In a Content Assessment for one of our trade magazine customers, one of the key things we learned that, of the three major publishers around this content topic, our client is the oldest, most respected and most technical because of their writers. So now their writers are showcased.
People also have to be able to find your content online. For example, another national magazine customer never published any articles from their magazine on their website. With their articles online, with key words indexed by Google, the number of keywords ranking in the top 20 search engine results has quadrupled in less than six months. As a result, many pages are returning higher in the search results for high value, target keywords. This discoverability results in more clicks to their website.
Another way we help increase website traffic is through email. Our national magazine customer was sending emails to subscribers with all of the content in the email. Now their emails only contain a compelling title and an excerpt of the first sentence or two with a link to the website. And this is increasing email open rates and click-through rates to the website. More importantly, those readers are staying and reading more pages on the website. In a six-month period, this client has gone from 10,000 website visits a month with zero referral traffic from email to 36,000 website visits a month, with 15,000 of those coming from email. Further, the pages per visit have increased significantly. That’s quite a growth.
We also discuss with publishers the need to present website visitors with a high-value offer, such as an e-newsletter, white paper, online event pass or subscription promo. We have found that people will provide their email address for what they consider to be high-value content. Once the publisher has those email addresses, they can remarket additional content to that subscriber or member. Now, our national magazine client is capturing around 700 email addresses a month, up from 70 a month. You can see how all of these efforts working together create exponential results.
So once you get readers coming to the site, and they view that publisher as a trusted source and they want access to the premium content, there’s a tipping point where they want to subscribe to the magazine, digital magazine and other paid or premium offerings.
In addition, a digital app that is optimized for reading on a mobile phone is a good fit to reach an ever-increasing mobile audience. We have a magazine client that has seen a 600 percent increase in sessions on the app optimized for mobile and a web edition.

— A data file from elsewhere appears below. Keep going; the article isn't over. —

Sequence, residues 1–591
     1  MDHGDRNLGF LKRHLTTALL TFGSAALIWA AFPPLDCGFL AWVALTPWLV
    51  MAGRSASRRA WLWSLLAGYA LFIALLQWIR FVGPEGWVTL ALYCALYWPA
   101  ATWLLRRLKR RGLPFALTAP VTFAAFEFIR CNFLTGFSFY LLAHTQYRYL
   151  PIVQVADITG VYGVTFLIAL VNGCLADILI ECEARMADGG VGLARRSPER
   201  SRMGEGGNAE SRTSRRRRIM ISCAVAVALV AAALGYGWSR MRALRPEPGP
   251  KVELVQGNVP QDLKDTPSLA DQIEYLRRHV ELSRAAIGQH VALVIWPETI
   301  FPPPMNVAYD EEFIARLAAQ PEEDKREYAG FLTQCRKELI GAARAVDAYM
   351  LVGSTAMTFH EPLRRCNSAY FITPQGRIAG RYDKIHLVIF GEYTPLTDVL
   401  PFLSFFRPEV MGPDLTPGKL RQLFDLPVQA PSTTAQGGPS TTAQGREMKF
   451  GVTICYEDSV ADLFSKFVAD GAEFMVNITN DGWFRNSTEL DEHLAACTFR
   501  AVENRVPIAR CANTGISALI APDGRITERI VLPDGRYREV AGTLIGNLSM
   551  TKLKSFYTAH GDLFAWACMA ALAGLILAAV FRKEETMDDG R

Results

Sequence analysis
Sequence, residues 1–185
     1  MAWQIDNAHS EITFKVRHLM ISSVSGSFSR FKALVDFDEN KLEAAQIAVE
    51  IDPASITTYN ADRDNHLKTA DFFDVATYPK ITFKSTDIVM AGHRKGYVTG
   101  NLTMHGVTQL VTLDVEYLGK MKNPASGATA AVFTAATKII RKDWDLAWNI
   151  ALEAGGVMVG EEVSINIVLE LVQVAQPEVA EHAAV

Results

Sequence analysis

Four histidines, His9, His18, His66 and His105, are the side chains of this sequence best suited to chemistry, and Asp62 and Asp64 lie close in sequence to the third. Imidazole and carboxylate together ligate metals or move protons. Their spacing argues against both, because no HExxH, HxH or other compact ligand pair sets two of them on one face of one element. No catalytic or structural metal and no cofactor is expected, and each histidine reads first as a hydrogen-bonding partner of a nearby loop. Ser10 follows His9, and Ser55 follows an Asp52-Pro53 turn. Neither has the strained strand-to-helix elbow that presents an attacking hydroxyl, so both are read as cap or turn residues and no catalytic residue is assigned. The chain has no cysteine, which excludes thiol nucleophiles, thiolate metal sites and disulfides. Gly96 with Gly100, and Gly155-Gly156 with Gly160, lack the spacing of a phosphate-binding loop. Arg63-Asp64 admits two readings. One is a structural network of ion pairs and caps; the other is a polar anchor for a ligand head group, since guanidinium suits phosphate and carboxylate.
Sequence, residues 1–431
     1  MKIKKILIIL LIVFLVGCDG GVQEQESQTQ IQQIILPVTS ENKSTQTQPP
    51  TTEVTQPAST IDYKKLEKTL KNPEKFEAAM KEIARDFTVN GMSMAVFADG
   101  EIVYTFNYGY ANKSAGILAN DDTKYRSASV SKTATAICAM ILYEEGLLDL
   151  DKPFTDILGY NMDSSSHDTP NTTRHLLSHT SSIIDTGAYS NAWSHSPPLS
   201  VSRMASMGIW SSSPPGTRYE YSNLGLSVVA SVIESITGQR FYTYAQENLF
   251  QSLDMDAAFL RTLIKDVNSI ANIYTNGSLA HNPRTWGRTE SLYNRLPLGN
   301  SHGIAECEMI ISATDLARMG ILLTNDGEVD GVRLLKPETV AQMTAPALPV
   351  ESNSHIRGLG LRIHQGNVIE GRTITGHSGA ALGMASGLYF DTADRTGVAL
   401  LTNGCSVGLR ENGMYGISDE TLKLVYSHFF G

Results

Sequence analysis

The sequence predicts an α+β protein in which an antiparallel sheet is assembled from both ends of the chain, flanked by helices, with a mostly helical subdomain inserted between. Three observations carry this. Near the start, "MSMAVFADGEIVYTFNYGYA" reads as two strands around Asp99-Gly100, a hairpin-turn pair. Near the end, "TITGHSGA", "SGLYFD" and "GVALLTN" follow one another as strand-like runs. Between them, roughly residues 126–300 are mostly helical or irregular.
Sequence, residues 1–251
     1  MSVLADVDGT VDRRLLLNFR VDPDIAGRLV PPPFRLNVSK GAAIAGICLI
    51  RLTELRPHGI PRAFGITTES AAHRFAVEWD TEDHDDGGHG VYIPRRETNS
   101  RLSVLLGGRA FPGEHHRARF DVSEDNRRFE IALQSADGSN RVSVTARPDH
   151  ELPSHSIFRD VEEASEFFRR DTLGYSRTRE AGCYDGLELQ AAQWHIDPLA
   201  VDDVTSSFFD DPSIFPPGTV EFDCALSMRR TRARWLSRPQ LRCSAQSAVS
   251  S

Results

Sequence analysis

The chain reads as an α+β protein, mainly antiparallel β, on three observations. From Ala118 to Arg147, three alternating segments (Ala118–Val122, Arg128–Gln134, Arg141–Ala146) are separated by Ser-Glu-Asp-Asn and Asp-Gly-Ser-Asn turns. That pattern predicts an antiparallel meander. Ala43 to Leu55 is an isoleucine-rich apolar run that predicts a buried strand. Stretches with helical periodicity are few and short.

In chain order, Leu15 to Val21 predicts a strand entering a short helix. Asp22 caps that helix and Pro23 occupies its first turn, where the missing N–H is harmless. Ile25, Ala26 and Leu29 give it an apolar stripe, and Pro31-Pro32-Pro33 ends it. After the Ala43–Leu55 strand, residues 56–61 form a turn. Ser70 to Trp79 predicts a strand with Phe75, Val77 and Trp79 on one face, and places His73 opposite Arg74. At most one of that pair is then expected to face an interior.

As mentioned earlier, all of these efforts together create exponential results and a tipping point to pay for content. For our national magazine client, in the six months following their Content Assessment and implementation of the recommendations from the assessment, their subscriber base has increased 11 percent and the momentum is just getting going.
Once the key building blocks are in place, we look at other ways to boost subscribers. For example, based on the national magazine customer’s Content Assessment, we learned their editor is very approachable, so we are recommending creation of a paid-access monthly webinar series that is a Q&A with a special guest. We have helped them video-produce key events to be used as curriculum, with slides, transcription of the presentation and video, and made available online.
These examples are just the tip of the iceberg in terms of opportunities that assessments have identified to help customers.
Q: What types of publishers does Walsworth help?
A: We see a lot of opportunity with niche publications, national or regional, lifestyle or hobby, and with trade and B2B magazines.
We see many niche publishers that have really great magazines and great subscriber bases, but their digital doesn’t match the magazine. They are spending 99 percent of their time focusing on getting the print magazine out every month, and while they are doing the website, social media and email, none of it is coordinated with the magazine. Many niche publishers don’t see how they can make money with digital so they are not making that investment. That’s how we establish ourselves as a trusted partner with our publishers. This helps us establish a different conversation, from a publisher asking their sales rep about better print pricing to us asking the publisher how can we help grow their business.